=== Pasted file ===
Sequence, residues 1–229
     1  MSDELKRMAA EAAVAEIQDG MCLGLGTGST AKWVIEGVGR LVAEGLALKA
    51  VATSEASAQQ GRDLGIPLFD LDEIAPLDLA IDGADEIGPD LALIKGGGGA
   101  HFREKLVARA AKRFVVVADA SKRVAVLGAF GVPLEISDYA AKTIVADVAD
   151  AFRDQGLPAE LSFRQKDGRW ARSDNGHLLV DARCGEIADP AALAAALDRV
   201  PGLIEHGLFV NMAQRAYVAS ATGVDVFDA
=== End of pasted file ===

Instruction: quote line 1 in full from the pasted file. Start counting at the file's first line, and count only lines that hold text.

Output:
Sequence, residues 1–229